It wasn’t until 1993, years after the late ’70s release of his breakthrough, massively successful album Bat Out of Hell, that Meat Loaf actually had the first Hot 100 No. 1 song of his career with the epic “I’d Do Anything for Love (But I Won’t Do That),” leading the album Bat Out of Hell II: Back Into Hell. That moment brought tears to the late singer’s eyes, his daughter Amanda Aday remembers.
Aday spoke to People about her dad, born Marvin Lee Aday, after he passed away at age 74 on Jan. 20.
“I’d Do Anything for Love (But I Won’t Do That)” spent five weeks at No. 1 on the Billboard Hot 100 songs chart, and his Bat Out of Hell II: Back Into Hell album went to No. 1 on the Billboard 200.
In the interview published on Saturday (Jan. 22), Aday recalls that the family was in Australia when they first heard the news about topping the charts in 1993.
“I remember we were in the hotel room and my mom just started sobbing crying, and my dad started crying. And I’m standing there going, ‘What? What is this? What are you guys doing?’ And then, from there, he was everywhere again,” Aday says. She notes that her father wouldn’t call it a comeback: “I’ve never stopped playing,” he’d say. “I’ve never stopped performing. I’ve always been here. You guys are just now recognizing that.”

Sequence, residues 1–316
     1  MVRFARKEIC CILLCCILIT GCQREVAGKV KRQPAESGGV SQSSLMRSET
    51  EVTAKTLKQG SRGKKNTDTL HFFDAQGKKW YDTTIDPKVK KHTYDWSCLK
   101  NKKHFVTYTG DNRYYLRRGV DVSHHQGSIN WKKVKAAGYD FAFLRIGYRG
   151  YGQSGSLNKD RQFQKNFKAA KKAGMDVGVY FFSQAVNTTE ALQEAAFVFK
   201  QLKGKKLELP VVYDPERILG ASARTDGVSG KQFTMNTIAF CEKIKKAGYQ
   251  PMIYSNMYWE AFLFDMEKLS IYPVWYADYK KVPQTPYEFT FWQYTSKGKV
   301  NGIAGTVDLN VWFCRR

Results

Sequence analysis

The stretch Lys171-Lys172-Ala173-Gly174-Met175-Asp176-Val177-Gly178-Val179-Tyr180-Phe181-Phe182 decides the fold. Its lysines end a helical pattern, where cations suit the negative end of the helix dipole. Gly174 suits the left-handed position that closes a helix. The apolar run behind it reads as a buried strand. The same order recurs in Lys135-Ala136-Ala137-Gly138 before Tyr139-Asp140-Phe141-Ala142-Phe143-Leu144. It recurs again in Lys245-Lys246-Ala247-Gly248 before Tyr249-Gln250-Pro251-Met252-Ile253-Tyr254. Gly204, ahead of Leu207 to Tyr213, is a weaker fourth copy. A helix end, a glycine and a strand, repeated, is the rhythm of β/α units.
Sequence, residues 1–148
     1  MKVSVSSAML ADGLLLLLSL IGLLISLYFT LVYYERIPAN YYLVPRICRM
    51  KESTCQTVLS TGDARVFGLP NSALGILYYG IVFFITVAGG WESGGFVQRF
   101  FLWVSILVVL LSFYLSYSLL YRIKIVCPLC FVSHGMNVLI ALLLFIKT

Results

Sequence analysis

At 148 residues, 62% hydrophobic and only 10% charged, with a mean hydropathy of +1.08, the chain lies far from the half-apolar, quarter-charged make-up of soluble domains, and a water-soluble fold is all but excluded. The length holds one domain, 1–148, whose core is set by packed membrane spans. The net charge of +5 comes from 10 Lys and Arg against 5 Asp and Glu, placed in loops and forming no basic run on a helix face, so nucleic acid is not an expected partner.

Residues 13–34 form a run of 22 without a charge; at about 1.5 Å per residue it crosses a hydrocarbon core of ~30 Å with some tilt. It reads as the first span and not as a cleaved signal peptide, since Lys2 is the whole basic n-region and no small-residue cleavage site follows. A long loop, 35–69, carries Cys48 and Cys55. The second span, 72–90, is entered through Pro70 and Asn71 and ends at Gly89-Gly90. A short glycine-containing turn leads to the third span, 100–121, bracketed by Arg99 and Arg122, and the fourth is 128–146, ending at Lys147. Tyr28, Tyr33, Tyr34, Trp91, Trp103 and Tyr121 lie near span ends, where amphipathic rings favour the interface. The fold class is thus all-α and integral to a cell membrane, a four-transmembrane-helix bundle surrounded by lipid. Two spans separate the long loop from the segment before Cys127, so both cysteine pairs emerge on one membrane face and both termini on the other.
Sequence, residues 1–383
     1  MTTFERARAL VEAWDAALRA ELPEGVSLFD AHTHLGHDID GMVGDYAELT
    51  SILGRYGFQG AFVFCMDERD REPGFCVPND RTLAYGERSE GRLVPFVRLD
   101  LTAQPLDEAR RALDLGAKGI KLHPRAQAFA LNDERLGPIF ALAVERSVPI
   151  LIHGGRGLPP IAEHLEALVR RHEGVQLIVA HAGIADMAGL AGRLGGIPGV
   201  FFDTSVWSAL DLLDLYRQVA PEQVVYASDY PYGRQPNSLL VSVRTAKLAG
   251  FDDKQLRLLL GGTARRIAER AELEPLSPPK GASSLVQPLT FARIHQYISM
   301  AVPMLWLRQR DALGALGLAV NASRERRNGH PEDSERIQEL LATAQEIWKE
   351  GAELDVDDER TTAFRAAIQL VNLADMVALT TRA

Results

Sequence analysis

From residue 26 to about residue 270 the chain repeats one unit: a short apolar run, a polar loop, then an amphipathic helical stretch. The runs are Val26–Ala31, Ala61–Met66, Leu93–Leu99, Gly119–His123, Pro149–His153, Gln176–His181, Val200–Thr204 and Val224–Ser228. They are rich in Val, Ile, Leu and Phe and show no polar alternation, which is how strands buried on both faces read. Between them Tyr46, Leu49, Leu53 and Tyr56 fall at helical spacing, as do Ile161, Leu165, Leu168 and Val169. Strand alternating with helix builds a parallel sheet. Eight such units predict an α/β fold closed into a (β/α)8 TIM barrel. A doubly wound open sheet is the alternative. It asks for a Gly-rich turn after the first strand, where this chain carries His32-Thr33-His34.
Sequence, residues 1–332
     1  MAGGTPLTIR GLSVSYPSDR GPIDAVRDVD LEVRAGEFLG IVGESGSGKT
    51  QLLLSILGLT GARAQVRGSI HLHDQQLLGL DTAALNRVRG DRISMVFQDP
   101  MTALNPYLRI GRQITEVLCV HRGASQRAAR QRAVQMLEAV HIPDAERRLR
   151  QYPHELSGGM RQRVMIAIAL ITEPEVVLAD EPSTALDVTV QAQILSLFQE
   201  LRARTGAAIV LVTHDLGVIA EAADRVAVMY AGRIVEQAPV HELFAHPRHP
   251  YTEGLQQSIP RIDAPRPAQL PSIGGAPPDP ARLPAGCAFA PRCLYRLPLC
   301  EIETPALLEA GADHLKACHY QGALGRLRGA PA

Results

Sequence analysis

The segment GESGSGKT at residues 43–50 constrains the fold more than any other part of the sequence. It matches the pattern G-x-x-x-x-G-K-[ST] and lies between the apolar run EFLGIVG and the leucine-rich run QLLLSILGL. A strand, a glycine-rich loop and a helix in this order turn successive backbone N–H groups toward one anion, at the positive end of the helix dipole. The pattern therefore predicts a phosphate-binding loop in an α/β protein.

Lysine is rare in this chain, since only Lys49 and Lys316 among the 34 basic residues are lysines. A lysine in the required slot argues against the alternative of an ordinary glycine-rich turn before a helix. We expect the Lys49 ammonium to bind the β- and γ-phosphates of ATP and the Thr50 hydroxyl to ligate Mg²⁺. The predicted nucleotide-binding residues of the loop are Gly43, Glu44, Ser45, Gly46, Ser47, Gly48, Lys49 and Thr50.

Off the stage and at home, the performer — who had just told Billboard in October that he was planning a world tour, a new EP and a TV game show — “was just dad,” she says. “He wasn’t Meat Loaf anymore.”
He directed school plays and coached softball, and he loved Christmas with his kids. “He was Santa Claus,” Aday tells People. “He would stay up all night making train sets around the Christmas tree.”
“He was a singer, he was an actor, he was a father, a husband, he was a grandpa. It was Papa Meat to my nephew. He was everything,” she adds.
She says his family and closest friends were by his side before he died in Nashville, where “he flipped a couple of us off, which is very dad, very appropriate. That’s a good sign. He’s there. He’s joking.” He was looking forward to walking her down the aisle when she marries her fiancé, she says, and his final words to her (though not his final words all together, she clarifies) were “no courthouses, but okay, let’s go.”
Aday says plans for Meat Loaf’s memorial service and funeral are still in the works.